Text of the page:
CDC: Alcohol-Induced Deaths Rose 30% in 2020

    CDC: Alcohol-Induced Deaths Rose 30% in 2020
    Updated Nov 10, 2022
    Image credit: Getty


    • According to a new Center for Disease Control and Prevention (CDC) report focusing on more than a dozen types of deaths directly caused by drinking, the alcohol-related death rate in the US rose nearly 30% in the first year of the COVID pandemic.[1]
    • The CDC previously reported that such deaths had increased in 2020 and 2021, but the study released Friday provided more details, including the increase from 39k deaths in 2019 to 52k in 2020.[2]
    • Other studies conducted in the fall of 2020 found that binge drinking increased during the pandemic, with a Journal of the American Medical Association (JAMA) showing the average frequency of drinking went up a total of 14% over the previous year and 41% for women.[3]
    • The rate of such deaths typically increased by at most 7% each year over the past couple of decades, but in 2020 they were up 26% to 13 deaths per 100k Americans, the highest recorded rate in 40 years.[4]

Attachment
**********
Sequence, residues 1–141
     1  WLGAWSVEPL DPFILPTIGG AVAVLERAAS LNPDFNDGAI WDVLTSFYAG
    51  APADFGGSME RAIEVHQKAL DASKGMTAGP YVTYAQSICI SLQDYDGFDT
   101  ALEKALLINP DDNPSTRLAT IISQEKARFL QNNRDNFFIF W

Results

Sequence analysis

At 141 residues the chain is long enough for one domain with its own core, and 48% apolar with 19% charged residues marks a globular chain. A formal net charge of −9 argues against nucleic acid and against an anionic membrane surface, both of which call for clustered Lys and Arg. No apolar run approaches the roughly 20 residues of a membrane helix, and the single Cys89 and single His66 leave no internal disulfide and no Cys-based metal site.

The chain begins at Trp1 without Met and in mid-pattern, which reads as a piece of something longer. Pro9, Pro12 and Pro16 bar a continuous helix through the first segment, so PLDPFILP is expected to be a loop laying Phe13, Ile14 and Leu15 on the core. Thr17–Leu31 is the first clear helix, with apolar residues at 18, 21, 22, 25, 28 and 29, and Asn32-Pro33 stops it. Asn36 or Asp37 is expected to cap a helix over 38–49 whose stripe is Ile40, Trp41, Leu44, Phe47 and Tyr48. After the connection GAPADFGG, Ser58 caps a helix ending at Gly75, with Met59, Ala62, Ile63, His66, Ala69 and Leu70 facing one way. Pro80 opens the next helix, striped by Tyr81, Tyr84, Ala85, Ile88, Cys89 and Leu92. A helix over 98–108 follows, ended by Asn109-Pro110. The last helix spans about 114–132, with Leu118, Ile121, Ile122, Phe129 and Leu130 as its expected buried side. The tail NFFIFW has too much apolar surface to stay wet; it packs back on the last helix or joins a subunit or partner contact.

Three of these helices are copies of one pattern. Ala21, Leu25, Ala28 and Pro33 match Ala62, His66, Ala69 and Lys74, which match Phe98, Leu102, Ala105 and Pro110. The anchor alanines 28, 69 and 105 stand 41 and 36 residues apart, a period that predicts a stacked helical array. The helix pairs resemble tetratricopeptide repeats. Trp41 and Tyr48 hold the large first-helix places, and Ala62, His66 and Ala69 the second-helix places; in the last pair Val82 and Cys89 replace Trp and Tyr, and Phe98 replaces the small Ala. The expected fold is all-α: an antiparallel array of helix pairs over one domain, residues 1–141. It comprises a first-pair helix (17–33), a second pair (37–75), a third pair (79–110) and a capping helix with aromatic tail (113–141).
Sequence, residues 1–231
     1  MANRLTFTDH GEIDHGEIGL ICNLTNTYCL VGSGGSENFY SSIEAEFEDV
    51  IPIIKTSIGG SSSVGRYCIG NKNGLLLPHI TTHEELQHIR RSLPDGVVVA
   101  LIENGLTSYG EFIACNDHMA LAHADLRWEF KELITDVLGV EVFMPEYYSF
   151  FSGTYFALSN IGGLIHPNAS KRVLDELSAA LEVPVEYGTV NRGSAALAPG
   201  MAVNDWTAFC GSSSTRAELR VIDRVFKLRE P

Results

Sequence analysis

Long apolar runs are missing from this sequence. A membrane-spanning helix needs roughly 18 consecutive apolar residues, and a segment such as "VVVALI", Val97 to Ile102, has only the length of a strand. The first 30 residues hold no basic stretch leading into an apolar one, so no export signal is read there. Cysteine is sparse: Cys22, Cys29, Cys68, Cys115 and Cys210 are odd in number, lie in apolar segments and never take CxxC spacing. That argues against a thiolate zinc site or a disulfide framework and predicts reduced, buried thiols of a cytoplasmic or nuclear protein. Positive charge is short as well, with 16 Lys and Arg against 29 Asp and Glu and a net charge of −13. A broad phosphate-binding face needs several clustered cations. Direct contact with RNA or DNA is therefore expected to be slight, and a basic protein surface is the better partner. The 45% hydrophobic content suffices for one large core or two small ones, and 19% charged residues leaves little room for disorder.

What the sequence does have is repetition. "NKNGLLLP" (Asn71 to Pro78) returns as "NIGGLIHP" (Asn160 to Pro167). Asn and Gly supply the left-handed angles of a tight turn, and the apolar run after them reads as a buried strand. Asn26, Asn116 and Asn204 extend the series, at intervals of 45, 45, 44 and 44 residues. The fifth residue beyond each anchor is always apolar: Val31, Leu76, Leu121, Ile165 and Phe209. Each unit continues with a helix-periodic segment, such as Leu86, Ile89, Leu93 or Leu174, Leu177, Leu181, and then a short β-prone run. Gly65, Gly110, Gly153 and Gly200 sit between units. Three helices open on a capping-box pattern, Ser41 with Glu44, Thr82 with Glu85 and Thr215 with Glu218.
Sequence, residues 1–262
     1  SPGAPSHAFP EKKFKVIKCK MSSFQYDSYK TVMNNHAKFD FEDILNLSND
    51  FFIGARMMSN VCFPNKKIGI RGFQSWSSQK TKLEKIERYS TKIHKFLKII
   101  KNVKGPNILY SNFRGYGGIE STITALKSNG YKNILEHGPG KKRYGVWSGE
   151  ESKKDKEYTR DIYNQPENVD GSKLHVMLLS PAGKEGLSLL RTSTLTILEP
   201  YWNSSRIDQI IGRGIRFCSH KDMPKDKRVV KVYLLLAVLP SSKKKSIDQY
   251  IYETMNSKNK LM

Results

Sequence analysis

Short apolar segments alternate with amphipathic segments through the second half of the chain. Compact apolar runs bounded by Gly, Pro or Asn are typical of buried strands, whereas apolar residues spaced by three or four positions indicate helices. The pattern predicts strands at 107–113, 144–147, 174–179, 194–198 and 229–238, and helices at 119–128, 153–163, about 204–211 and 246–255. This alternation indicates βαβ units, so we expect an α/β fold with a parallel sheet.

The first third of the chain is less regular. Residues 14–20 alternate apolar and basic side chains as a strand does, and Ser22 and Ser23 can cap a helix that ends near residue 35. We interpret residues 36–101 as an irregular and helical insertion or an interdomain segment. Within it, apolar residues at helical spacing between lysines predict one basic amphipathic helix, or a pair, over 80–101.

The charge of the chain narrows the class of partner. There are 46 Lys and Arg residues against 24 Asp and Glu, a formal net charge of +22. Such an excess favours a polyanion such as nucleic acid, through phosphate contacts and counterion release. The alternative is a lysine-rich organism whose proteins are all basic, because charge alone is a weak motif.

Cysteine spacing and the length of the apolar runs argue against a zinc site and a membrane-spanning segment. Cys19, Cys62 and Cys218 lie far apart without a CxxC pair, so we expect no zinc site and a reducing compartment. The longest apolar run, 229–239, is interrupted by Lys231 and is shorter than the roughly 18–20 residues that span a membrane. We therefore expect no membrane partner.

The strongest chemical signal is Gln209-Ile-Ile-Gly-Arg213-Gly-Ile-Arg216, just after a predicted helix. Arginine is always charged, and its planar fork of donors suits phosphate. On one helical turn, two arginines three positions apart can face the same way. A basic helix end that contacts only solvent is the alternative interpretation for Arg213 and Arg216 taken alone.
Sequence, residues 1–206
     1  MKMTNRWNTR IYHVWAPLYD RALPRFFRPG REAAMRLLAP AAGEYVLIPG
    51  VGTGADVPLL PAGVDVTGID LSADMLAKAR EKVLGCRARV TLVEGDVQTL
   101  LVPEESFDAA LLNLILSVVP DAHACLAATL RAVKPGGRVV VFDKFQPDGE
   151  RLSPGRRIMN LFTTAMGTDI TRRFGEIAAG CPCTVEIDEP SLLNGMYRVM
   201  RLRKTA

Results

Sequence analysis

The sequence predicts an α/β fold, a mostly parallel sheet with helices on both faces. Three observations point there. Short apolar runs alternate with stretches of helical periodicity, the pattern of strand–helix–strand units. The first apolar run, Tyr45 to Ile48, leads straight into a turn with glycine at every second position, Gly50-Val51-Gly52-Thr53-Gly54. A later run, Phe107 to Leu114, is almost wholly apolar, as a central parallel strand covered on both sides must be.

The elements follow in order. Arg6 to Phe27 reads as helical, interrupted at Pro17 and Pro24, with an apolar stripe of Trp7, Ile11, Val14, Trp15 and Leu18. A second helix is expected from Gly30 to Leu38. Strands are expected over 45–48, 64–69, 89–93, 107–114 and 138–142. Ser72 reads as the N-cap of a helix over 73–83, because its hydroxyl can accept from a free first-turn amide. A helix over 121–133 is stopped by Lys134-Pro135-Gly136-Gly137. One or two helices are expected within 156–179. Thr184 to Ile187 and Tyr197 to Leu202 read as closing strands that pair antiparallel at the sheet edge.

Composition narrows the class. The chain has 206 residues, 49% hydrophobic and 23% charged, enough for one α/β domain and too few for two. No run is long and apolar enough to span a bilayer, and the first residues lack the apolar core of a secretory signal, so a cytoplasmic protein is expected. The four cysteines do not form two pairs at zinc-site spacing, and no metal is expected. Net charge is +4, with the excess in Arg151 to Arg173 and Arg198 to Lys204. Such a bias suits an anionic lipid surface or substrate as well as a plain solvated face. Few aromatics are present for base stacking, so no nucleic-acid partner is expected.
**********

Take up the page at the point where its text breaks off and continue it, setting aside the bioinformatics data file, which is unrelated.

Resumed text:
• Alcohol-related deaths are still 2.5 times more common for men than women, but rose for both in 2020, including a 42% jump in women aged 35-44. The rate remained the highest, however, for those aged 55-64.[5]
    • Another JAMA report published earlier this week, which included deaths more widely linked to drinking through causes such as car accidents, suicide, falls, and cancers, found that with the broader category, more than 140k people die from alcohol annually. It also estimated that 1 in 8 deaths for US adults aged 20-64 were alcohol-related.[2]


    Narrative A

    The pandemic was a traumatic event, and those types of events always cause an increase in drinking. Combine this with easy access to and the social acceptability of alcohol, along with the overuse of anxiety-provoking social media and the internet, and you have a huge crisis that can only be addressed with better government policies in terms of screenings and treatments.

    Narrative B

    It’s criminal government policies, like forcing workers into COVID-infested workplaces and children and teachers into schools too soon, that have brought us to this point. A moral and scientific solution is needed to help the working class defeat America's epidemic of addiction and take power back from the corporations and politicians that put wealth above safety.

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